Bray-Ali has since played the flawed human card, though he seems to view the flaws are less serious than others do. He has cast himself as a warts-and-all candidate who maintains he is still be better for the district than the incumbent. He claims that a focus on his personal failings is a distraction from issues imperiling the community.

Cedillo has avoided addressing Bray-Ali as he hits a bunch of local events. He hasn’t done anything grand and he doesn’t need to. Mailers capitalizing on Bray-Ali’s transgressions have just started landing in the district.

Out-Scandal the Scandal

The CD1 race continues a long line of entertaining and sometimes oddball Eastside elections. It’s up there with Jose Huizar’s 2015 stampede over Gloria Molina and his raucous 2011 win against Rudy Martinez.

The Very Strange Huizar-Martinez Race

Yet this contest has plenty that is new. I’ve seen a lot of things in politics, but never watched a guy try to follow up a scandal by out-scandaling the scandal. In Bray-Ali’s Facebook post on April 28, which he also sent to me, he wrote: 

“Here is the dirt on me:

*Flying Pigeon-LA, LLC [his former bike shop] owes the State Board of Equalization for a failure to pay an audit and several quarters of sales taxes. The amount is ~$48,000 the last time I bothered to open the envelope.

*I slept with several other women from 2011 to 2014. Not my wife. For a time I even had a Tinder profile.

*I painted bike symbols (sharrows) in the middle of the night with friends, and on camera with German documentary film maker.

*I have said many profane, rude statements to people I’ve gotten into arguments with online.”

Many people have wondered about the state of his marriage. Last Tuesday, Bray-Ali’s Facebook page included a long piece from Susan Wong, his wife. “I know my husband Josef, and he is a person of integrity,” she wrote. “I don’t make excuses for mistakes Josef makes, but he is human, just like me.”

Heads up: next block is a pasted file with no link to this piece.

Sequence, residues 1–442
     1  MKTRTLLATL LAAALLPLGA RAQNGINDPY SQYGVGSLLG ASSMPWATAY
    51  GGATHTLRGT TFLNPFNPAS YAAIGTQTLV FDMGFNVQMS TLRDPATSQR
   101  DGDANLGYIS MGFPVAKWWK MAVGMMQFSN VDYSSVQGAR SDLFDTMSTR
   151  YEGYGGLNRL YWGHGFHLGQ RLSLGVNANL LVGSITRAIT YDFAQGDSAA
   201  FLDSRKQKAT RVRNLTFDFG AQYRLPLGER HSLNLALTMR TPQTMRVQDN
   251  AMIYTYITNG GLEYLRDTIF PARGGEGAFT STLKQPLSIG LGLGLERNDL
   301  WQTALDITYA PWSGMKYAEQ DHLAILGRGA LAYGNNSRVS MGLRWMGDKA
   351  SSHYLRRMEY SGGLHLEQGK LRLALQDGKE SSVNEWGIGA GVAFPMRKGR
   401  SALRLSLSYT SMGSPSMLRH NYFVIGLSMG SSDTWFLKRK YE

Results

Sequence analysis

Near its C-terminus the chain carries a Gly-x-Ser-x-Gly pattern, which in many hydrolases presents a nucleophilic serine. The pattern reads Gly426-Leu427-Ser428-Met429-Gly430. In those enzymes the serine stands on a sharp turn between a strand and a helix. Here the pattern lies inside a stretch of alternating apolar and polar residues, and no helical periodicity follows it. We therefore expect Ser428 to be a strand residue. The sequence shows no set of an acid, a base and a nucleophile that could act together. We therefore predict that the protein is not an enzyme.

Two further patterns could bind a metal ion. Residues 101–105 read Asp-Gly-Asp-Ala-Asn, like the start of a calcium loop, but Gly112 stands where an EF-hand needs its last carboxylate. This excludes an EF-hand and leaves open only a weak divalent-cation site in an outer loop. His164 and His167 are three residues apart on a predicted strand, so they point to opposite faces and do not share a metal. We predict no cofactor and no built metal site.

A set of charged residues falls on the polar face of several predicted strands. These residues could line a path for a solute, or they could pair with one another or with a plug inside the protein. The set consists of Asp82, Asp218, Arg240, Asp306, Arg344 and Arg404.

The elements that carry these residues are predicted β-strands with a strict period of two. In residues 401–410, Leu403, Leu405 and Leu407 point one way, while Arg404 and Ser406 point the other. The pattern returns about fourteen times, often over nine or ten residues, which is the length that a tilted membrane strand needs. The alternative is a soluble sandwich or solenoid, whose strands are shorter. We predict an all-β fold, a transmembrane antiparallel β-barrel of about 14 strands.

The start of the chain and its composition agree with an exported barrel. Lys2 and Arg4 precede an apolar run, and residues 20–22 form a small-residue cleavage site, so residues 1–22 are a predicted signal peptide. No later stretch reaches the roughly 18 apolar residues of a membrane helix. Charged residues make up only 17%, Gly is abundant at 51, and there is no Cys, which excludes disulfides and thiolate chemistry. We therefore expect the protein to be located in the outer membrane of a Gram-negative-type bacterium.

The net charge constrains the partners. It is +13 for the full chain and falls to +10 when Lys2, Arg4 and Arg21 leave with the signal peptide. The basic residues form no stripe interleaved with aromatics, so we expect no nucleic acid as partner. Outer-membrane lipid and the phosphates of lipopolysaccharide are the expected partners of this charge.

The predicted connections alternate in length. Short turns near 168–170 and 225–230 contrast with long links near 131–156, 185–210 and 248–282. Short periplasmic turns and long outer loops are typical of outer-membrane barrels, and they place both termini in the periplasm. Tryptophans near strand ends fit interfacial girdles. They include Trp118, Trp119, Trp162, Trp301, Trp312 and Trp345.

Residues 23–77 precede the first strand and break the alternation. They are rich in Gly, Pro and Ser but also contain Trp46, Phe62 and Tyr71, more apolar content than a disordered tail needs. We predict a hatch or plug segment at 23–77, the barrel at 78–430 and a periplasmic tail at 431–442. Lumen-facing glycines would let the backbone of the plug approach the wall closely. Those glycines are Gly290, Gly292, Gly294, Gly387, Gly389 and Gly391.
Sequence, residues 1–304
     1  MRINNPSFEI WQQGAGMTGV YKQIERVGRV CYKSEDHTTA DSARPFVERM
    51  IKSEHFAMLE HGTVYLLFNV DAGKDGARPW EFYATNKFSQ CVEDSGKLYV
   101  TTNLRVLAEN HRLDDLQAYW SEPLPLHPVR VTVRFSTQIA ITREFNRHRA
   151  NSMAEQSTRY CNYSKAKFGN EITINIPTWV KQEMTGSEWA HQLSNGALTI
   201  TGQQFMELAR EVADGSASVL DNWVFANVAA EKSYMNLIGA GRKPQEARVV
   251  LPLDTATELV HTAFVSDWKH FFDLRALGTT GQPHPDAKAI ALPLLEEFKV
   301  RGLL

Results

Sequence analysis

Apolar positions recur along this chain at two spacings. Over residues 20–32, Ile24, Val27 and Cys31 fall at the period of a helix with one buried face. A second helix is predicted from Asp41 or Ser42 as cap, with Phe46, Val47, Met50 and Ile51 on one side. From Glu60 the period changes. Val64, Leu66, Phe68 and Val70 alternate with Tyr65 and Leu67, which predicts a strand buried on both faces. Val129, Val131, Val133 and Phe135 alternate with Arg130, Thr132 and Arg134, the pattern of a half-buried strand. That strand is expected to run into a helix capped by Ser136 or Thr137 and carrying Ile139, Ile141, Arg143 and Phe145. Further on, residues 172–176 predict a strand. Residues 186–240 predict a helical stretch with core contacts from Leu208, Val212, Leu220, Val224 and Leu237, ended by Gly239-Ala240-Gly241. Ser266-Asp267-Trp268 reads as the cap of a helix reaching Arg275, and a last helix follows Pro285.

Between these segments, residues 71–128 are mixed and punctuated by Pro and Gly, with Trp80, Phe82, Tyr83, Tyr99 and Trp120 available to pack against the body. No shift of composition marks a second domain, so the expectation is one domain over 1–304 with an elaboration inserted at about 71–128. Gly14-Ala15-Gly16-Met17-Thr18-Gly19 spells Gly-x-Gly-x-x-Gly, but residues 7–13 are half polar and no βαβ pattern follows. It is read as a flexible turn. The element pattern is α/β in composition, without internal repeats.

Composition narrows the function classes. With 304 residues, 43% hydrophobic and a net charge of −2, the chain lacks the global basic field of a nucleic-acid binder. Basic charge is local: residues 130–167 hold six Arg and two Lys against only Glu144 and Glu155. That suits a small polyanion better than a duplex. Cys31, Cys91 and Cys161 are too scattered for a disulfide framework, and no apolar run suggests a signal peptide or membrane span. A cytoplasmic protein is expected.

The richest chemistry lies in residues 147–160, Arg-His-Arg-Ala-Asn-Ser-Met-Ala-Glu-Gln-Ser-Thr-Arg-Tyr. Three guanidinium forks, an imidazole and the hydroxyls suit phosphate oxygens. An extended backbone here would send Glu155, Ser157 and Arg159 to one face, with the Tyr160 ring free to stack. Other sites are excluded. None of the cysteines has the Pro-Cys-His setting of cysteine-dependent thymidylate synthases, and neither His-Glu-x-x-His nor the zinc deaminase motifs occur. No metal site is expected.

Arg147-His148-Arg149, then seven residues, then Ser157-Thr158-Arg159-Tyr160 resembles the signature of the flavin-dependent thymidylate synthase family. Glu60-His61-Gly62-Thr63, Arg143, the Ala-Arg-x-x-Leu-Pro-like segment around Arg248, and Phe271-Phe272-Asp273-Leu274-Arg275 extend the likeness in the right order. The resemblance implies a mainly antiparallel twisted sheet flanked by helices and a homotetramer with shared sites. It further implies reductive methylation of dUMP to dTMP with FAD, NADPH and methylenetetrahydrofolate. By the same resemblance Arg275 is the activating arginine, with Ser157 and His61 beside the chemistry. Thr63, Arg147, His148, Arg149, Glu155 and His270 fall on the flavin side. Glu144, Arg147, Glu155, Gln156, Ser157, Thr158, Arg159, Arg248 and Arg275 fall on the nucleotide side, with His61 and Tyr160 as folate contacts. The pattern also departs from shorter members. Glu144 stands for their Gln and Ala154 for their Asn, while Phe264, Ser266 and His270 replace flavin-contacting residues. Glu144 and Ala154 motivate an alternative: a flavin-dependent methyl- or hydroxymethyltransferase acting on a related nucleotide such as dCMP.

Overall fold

In an email I told Bray-Ali I was more concerned with the taxes — after all, council reps help determine the city’s financial state and shape its $9 billion budget. Ignoring tax envelopes is usually not a sign of fiscal prudence. 

I made the point again when we spoke after the Echo Park event, and questioned what this, and going on Voat in the first place, says about his judgment. Elected leaders, I maintained, need to be held to a higher standard. 

He didn’t really address the Voat judgment, discussing instead the lack of qualified or mainstream candidates willing to take on Cedillo, which is a valid point, but a whole other issue. As for the taxes, he acknowledged knowing little about business when he opened Flying Pigeon, and keeping poor track of finances in the early days. Thus he got audited. He said his years of running the business have given him solid financial skills.

“When I made that flippant kind of statement, because I’ve been accused of being flippant in the past, it was really that was when I could bear to open the envelope, not the last time I checked,” he said. “It wasn’t to dismiss it, but it was really, really hard to face up to that. It was a very expensive learning experience.”

Part of what makes this entire turn of events so stunning is that the behavior doesn’t square with the man we saw a few months ago. The Bray-Ali I sat down with in January, and who has conducted the rootsiest of grass-roots campaigns, was charismatic and compelling, a smart guy with an infectious laugh. He impressed with his description of digging into the city’s budget to see where bicycle funds were spent. He felt fresh, a step removed from machine politics.

Do some people feel snowed? Almost certainly. The Times and O’Farrell bought in, and on March 7, a whopping 8,000 people voted for Bray-Ali. 

How many of them still see him as credible, and how many want to get far away? Are his odds one in a hundred, or more like one out of a million? Are we saying he has a chance? 


© Los Angeles Downtown News 2017